• A time and materials (T&M) model is common for projects with tasks where the time needed to perform each task is not easy to predict. As a result, the client receives an estimate upfront, but is only charged for the actual time spent. This might be appropriate for a client looking for consulting services or a one-off project with a small number of units or where complexities may increase or decrease the hours taken to complete a task. Sometimes, a T&M model is used as a pilot, in order to measure time taken and then establish robust units for a subsequent contract. An advantage of this type of model is ease of contracting and administration for both parties.
In addition, a hybrid model consisting of more than one of the above models offers the flexibility to create optimised, highly tailored solutions that may have the greatest impact on key operational metrics and deliverables. Effective use of metrics and key performance indicators (KPIs) can inform ongoing outsourcing decisions and drive process improvements. There also is flexibility to change models during the life of a single project.
Staffing throughout product development – from early development plans and pre-clinical stages, through to clinical trials and peri- and post-approval activities – requires a strategic approach. This involves examining the portfolio and available internal talent resources, and then determining the best solution to ensure successful delivery for a given asset or program. As client teams evaluate the options, they should consider staffing models that optimise quality and efficiency.
A strong governance structure is of vital importance for a successful partnership. This should be built on transparency and flexibility to support the unique needs of each client. Key elements include provision of a customised and high-touch relationship to clients, with robust oversight from the provider and client leadership teams, and well-defined overarching expectations, requirements and processes. In addition, by acknowledging the mutual desire for enhanced productivity and efficiency, a culture of continuous improvement can be instilled. This should be underwritten by rigorous KPIs, clear communication, risk management, and effective escalation pathways, to maintain compliance and quality throughout the life of the partnership.
Significant expansion of the Chinese pharmaceutical market continues, with sales forecast to rise by 9.8 per cent in 2021. Pharmaceutical innovation is strong in the Asia-Pacific region overall, with more than 5,500 drugs in development as of late 2019.
The many startups in China and the Asia-Pacific region will need to consider outsourcing regulatory services to broaden their global footprint and achieve worldwide registrations for their assets. Here, experienced CROs can provide staff and expertise in locations such as the U.S. and European Union, significantly increasing the capacity of these emerging companies to submit and market their products globally.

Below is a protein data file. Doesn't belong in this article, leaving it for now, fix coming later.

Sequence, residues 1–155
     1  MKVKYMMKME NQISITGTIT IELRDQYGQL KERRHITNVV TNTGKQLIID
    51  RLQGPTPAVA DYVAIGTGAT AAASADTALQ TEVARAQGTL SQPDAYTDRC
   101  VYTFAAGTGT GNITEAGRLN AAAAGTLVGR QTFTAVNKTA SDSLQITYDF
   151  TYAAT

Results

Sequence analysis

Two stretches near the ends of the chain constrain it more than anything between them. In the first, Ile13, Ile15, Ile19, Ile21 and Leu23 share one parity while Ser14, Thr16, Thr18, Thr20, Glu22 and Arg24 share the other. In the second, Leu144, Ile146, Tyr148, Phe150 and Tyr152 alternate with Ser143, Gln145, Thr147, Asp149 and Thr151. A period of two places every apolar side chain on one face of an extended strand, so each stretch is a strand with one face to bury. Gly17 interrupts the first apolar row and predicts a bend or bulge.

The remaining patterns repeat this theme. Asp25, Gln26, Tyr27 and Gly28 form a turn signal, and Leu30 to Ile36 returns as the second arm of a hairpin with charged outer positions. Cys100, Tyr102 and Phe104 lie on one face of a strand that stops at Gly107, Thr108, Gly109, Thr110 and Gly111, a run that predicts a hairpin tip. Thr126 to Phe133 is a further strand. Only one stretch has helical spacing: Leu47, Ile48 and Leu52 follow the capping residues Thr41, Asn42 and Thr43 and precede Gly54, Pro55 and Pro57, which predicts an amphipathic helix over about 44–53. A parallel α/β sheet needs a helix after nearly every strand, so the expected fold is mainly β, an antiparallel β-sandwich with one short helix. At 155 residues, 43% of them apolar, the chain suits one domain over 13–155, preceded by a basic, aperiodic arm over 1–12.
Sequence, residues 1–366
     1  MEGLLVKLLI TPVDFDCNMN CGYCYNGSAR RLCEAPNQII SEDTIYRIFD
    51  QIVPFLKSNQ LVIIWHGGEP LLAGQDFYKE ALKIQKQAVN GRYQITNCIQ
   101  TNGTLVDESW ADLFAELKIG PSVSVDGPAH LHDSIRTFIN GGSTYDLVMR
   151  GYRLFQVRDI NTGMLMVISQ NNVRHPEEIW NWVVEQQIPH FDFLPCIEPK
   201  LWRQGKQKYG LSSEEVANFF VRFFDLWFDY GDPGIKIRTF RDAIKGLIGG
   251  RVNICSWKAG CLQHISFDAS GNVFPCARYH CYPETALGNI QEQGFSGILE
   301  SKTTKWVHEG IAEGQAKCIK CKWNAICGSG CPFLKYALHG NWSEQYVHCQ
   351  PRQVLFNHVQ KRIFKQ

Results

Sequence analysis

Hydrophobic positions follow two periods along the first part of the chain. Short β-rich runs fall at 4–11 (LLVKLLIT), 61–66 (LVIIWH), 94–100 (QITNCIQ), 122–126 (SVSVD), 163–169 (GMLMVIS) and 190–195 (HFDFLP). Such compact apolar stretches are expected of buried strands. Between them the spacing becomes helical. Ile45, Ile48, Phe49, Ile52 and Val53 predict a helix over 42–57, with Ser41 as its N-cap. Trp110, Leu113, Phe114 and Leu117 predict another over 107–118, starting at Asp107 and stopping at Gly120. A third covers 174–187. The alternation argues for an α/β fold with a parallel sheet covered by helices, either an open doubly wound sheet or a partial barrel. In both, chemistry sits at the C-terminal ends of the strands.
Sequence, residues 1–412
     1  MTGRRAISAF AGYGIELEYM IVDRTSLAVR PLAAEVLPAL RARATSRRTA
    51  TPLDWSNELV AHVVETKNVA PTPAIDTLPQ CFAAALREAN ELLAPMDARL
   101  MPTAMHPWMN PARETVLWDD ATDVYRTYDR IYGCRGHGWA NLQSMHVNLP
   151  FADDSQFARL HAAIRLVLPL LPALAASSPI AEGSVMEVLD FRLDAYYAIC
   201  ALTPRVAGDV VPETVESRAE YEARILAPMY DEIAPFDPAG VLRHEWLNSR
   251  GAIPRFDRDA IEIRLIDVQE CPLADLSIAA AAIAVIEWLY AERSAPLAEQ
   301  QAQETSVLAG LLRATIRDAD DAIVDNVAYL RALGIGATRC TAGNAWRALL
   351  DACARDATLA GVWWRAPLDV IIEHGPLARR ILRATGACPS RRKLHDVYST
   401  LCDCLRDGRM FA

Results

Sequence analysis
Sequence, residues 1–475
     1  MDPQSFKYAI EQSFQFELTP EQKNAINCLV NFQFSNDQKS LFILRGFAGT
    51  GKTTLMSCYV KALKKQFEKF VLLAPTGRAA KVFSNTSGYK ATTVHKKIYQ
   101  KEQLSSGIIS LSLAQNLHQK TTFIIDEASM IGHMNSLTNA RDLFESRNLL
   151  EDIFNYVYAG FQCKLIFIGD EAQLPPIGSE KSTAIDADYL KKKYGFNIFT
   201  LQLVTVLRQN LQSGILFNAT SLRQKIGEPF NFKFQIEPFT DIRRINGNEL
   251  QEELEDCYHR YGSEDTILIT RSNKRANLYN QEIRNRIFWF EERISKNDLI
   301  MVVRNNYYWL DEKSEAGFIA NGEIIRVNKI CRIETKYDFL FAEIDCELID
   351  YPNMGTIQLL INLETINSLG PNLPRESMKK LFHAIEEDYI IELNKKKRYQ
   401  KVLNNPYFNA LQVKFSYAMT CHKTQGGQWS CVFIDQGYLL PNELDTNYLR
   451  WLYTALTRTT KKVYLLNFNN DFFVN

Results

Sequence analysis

A third case study describes successful provision of regulatory resources in China.
The following three case studies provide real examples of the different types of FSP models in action.
FSP Case Study 1
Proven Partnership: Lifecycle Management and Post-Approval License Maintenance
Model type: Unit-based, maturing to FTE-based after six years
• Partnership has been in place since 2013.
• Over 48,700 lifecycle management (LCM) submissions were delivered for 54 products in 165 countries by the end of Q1 2021.
• Managed through established processes, KPIs and training.
• Dedicated individuals lead portfolio management and planning/delivery of regulatory submissions.
• Flexibility, quality and predictable cost helps smooth peaks and troughs in work volumes.
• Established KPIs are monitored, with timely intervention and resolution if there are deviations.
• Partnership provided cost savings of approximately 25 per cent to the client over eight years.
• Cost per unit was reduced by up to 60 per cent in the first five years of the partnership.
• Quality of delivery is guaranteed through effective monitoring and oversight.
• Flexible model transitioned from unitised to FTE as the project evolved.
FSP Case Study 2
Exceeding a Client’s Corporate Goals: Faster Successful Delivery of U.S. and EU Marketing Applications
Model type: Mixed (with some FTE staff and initial SME T&M tasks that transitioned to unitised tasks)
• A PPD client needed support for marketing submissions to the U.S. and EU (centralised procedure) for three development programs.
• The client required strategic input, subject matter expert (SME) authoring and review, quality review, document publishing, and post-submission support.
• An FTE-based project management office set strategy, resolved issues and applied efficiencies.
• Compound-level workstreams were developed.
• FTE-based regulatory affairs leads and functional SMEs focused on deliverables, with dedicated resources for authoring, CMC, nonclinical and management roles.
• SME support was provided initially through a T&M model, which evolved into a unitized model.
• High-quality EU MAAs were filed within nine months of project initiation, compared with a typical 12-month timeline. The client exceeded its corporate goals for launch.
• Services were later expanded to support additional markets and tasks.
Case Study 3:
Rapid Onboarding in Challenging Hiring Location Model type: FTE
• Client needed six regulatory FTEs in China for six months of support.
• Traditionally challenging to hire qualified candidates needed in China with short notice, with an average of 60+ days’ time to hire in this competitive market.
• FTEs needed to start ASAP upon award.
• PPD’s China leadership ensured sufficient support and resourcing from top-level management.
• PPD HR implemented an aggressive recruitment plan, led by a dedicated recruiter.
• Two FTEs moved from existing teams to lessen hiring burden.
• RA team customized a streamlined onboarding/training plan.
• Clear communication and rapid decision-making.
• Six FTEs identified and onboarded one month sooner than agreed.
• Client extended contract for an additional six months to meet continued needs.
Conclusions and lessons learned
The various FSP models in regulatory affairs provide a wide range of benefits and integrated client-provider partnerships offer efficiency and flexibility to manage regulatory workflows. These increase capacity, add capabilities, and free up in-house resources. FSP models enable specific expertise to be leveraged with flexibility to expand and extend the services and contractual model. Keys to success include clarity upfront for both parties on the scope of work involved, the need to devote time at the outset to ensure expectations are clear, and continued transparent communication throughout the engagement.
As the regulatory environment continues to evolve and as clients seek effective solutions to ensure regulatory compliance and the earliest possible approval of assets globally, these models offer flexibility to deliver both regulatory success and financially prudent contracts.